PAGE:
Monday, July 25, 2011

I'd Love To Turn You At The Movies #18 - Paris, Texas (1984, dir. Wim Wenders)

I’ve watched Paris, Texas many, many times since I first saw it in the late 1980s, but it wasn’t until very recently that I realized it has a second plot, a completely abstract one, starring the color red.
I was delighted to discover this, but not surprised to have made such a finding after so many viewings. Paris, Texas is a film full of secrets and revelations. It begins with a man emerging from the desert near the border between Texas and Mexico, dressed in a suit and covered with dust. Little by little, we learn things about him: his name is Travis; he has a brother who lives in Los Angeles; he’s been missing for four years. But each new clue raises more questions. When we find out that Travis has a son, and that his brother and sister-in-law have been caring for the boy, we wonder where the mother is and what happened between her and Travis that would make the two disappear so quickly and completely.
Everything about the film is top-notch. The script is by Sam Shepard, and it’s one of his best, with characters who ache with longing to be alone and to be loved, and a storyline that runs through the seamy underside of the American dream. The acting is amazing, especially the performances by Nastassja Kinski and Harry Dean Stanton, who plays Travis. There’s a scene near the end with the two of them that’s on my shortlist for the best in cinema, an emotion-filled ten minutes in which two people’s lives come together, reconcile, completely change and drift apart right before our eyes. The soundtrack by Ry Cooder, nearly all of it played on a haunting slide-guitar, is a masterpiece in its own right, a must for any guitar lover’s collection. And, of course, the cinematography, which is completely out of this world; nearly every frame is like a museum-quality photograph of the American Southwest.
That’s how I discovered the abstract plot-within-a-plot about the color red, by really studying the shots. Beginning with the first image of Travis, in which he wears a bright red baseball cap, almost every shot in Paris, Texas contains an element of this very same hue of red. Sometimes it’s just a tiny dot, such as the ember of a cigarette. Other times it fills the sky at sunset. But it’s clearly a distinct element that the director, Wim Wenders, deliberately positioned in the composition of each shot. And there’s continuity from shot to shot: if the bit of red in one shot is small and contained in the lower right corner, it will be in a similar place and of a similar size in the next, where it will move and grow or shrink and draw us visually to the next shot where it will appear again. Wenders even plays openly with color storyline late in the film when two of the characters try to follow a pair of red cars on a busy maze of freeway.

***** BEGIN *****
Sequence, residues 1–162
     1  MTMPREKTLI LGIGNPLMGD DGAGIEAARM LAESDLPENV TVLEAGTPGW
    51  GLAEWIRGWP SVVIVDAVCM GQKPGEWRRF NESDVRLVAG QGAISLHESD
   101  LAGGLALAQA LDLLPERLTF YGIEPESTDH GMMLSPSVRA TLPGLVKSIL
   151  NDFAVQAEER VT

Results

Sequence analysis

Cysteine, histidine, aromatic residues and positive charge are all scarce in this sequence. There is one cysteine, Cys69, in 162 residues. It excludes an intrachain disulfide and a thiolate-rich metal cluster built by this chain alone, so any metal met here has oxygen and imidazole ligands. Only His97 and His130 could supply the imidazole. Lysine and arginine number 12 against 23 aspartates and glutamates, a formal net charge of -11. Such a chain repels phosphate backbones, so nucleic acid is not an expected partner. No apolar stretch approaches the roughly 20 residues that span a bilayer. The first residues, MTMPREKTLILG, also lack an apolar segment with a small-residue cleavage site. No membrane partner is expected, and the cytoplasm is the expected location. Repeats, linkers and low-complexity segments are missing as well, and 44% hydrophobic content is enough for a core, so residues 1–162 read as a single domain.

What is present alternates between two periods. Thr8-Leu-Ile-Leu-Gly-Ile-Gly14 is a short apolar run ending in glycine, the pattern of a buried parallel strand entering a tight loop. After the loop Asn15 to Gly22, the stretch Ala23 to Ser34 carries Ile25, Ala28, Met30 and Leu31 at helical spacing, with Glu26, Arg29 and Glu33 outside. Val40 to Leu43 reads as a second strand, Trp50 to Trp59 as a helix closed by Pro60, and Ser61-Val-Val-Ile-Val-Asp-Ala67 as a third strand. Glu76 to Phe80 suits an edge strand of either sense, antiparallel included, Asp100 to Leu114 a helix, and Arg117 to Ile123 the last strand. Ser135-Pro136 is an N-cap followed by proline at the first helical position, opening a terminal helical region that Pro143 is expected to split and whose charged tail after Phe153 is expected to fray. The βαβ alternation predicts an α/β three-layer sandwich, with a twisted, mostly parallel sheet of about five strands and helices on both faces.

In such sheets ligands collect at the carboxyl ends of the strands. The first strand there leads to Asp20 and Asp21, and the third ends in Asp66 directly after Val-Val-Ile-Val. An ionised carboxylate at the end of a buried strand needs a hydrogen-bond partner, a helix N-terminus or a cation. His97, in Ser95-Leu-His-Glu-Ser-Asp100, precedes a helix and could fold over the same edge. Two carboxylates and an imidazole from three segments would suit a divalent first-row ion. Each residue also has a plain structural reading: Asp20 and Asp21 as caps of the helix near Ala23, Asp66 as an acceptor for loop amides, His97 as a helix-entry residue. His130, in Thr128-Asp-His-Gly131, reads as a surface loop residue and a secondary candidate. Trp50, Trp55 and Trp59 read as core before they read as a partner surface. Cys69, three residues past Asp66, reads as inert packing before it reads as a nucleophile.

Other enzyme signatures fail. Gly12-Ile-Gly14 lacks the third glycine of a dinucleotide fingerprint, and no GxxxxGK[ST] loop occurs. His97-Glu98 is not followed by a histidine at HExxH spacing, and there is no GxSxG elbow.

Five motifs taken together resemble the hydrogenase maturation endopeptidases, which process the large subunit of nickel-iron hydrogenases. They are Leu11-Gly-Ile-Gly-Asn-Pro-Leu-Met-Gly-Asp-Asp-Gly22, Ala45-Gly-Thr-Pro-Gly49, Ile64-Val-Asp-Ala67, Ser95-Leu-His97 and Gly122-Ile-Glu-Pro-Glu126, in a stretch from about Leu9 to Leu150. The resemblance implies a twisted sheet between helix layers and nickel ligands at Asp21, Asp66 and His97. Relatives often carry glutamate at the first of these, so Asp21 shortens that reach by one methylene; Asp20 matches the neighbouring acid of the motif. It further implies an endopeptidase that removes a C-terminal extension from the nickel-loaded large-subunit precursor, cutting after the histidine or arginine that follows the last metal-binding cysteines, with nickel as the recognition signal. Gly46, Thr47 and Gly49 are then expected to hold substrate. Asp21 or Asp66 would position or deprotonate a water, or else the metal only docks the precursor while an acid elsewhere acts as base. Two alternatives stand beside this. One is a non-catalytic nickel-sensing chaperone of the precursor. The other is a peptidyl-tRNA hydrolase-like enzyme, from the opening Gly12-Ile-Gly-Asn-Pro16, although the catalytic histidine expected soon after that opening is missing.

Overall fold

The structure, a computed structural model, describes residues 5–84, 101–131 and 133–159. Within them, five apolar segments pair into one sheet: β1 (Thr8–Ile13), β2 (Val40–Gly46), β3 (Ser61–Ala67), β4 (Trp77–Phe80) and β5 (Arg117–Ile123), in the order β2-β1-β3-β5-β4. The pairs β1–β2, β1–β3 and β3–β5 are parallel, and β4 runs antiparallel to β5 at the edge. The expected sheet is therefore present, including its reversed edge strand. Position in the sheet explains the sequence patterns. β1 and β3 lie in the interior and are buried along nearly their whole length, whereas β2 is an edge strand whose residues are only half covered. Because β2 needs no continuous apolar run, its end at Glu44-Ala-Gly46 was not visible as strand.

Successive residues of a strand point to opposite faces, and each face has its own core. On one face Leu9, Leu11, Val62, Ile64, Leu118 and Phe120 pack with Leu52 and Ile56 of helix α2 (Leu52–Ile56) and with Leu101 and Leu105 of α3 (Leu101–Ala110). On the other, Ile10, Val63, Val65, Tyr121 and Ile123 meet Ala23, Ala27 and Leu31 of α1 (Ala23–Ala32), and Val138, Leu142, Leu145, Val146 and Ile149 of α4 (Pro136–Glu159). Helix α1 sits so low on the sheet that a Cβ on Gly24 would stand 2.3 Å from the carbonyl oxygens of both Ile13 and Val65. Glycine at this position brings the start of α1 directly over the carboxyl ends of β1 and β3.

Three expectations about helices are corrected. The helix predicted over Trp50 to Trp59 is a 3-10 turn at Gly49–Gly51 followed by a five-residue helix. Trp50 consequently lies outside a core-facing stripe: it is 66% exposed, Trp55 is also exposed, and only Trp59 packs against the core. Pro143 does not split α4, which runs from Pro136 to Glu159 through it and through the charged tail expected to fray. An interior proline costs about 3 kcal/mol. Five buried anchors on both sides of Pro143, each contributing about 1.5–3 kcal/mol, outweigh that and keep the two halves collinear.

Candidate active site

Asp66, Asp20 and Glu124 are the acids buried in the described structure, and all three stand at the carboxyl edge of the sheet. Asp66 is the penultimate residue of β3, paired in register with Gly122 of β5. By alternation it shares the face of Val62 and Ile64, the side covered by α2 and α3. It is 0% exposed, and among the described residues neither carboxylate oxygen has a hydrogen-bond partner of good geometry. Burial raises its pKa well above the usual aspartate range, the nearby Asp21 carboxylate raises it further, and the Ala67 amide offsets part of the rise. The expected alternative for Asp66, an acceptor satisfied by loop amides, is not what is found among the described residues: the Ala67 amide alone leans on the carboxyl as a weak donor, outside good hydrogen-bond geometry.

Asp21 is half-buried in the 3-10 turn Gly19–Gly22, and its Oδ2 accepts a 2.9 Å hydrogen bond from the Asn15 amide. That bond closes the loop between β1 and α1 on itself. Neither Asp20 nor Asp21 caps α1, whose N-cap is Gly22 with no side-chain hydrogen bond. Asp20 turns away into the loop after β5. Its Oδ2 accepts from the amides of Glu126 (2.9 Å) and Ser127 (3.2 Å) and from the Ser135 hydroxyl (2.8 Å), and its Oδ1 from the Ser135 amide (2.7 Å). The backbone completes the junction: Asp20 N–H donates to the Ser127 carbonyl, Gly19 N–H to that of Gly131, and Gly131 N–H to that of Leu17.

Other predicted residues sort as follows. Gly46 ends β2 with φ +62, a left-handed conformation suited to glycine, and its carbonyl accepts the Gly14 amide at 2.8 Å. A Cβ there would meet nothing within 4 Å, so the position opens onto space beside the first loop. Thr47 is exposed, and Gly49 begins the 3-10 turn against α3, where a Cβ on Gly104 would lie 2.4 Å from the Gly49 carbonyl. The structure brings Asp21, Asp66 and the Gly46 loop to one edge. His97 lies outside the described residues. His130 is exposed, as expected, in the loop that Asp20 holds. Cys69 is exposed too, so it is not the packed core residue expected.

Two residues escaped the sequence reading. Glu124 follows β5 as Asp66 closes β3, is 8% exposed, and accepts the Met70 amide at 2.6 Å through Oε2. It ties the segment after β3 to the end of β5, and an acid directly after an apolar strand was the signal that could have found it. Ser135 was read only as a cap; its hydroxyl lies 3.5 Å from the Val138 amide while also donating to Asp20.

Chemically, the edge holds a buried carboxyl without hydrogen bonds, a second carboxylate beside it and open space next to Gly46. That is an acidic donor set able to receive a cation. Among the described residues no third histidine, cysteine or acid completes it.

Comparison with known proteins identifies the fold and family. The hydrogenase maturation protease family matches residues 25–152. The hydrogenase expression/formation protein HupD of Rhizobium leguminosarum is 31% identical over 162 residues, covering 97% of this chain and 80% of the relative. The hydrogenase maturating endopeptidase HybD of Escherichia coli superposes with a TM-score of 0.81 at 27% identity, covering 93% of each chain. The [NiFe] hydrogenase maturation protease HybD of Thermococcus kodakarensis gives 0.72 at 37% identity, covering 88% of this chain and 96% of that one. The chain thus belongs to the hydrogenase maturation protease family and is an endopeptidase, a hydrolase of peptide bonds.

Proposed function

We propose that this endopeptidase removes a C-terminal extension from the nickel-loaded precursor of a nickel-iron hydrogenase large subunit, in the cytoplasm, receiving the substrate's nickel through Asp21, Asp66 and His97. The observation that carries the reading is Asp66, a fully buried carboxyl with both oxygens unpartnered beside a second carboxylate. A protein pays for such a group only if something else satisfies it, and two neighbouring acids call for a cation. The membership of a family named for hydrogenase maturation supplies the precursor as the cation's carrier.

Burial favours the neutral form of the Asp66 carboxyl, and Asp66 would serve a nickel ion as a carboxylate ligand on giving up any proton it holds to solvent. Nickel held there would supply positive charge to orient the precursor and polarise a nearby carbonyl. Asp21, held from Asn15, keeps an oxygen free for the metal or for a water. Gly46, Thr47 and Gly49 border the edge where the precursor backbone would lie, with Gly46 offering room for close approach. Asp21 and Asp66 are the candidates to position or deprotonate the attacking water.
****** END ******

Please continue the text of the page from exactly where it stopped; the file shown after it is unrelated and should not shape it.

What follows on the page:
Now that I’ve discovered this aspect of the film, I can’t watch it without thinking of the red as another character in the film and wondering how it fits in with the plot. It’s become a metaphor of sorts in my mind, signifying love, maybe, or passion or the idea of family. And as I continue to watch, I start to wonder about the blues and the yellows, too. What might they be saying about these characters?
It’s been almost 25 years, and Paris, Texas is still raising questions, inviting me back to discover more. 

- Joe Miller

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